A study published in the American Journal of Preventive Medicine reports that just over half of older adults surveyed in the United States reported taking aspirin daily, despite the fact that routine use for primary prevention of heart attack or stroke is not recommended.

Approximately 2,509 U.S. adults aged 45–75 completed a 25-question web-based survey in 2012 on aspirin use, beliefs about the risks and benefits of aspirin, self-assessed cardiovascular disease (CVD) risk, and discussions about regular aspirin use with healthcare providers. Demographic data and personal and family medical history was also collected. The primary outcome was regular aspirin use for prevention of a heart attack, stroke, cancer, dementia, Alzheimer’s, or blood clots, or relief of pain, inflammation, or swelling. Major risk factors were defined as current smoking, personal history of high cholesterol, hypertension, diabetes, or metabolic syndrome, and a family history of CVD. Participants also provided a subjective assessment of their CVD risk by identifying themselves as being at greater than average, average, or less than average risk of heart attack or stroke over the next 10 years vs. individuals of the same age and sex.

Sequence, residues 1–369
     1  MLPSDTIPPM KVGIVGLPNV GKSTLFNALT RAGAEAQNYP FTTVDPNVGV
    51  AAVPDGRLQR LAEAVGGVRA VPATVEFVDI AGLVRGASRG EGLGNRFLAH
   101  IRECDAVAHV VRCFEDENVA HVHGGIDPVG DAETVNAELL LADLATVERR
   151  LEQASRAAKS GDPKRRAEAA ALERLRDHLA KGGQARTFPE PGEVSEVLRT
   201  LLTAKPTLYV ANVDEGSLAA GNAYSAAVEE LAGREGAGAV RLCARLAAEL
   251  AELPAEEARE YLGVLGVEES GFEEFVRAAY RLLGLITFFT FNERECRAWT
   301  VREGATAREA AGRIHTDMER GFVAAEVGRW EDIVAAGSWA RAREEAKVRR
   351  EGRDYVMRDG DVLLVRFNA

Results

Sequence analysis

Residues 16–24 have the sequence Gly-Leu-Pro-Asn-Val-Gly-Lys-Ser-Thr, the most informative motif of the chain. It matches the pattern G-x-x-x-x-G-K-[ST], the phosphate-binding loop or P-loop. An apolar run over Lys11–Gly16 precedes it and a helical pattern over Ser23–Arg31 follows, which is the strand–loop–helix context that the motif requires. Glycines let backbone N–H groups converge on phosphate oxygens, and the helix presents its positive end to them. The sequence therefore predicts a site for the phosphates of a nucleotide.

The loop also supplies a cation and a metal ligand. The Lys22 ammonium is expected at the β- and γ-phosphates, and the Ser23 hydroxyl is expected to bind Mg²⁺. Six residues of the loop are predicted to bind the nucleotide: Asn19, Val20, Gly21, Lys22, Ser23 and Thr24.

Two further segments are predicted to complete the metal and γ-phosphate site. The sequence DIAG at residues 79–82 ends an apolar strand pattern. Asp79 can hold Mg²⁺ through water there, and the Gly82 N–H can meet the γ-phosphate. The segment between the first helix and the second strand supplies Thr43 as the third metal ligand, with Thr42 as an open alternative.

Of the respondents, 52% stated that they were currently taking aspirin regularly, with an additional 21% reporting past use. Of those taking aspirin, 84% were using it for prevention of heart attack, 66% for prevention of stroke, 18% for cancer prevention, and 11% for Alzheimer’s disease prevention. The most common dosage was 81mg/day (67%). Only 25% of participants who had not discussed aspirin use with a healthcare provider reported regular use, compared to 90% of those who did.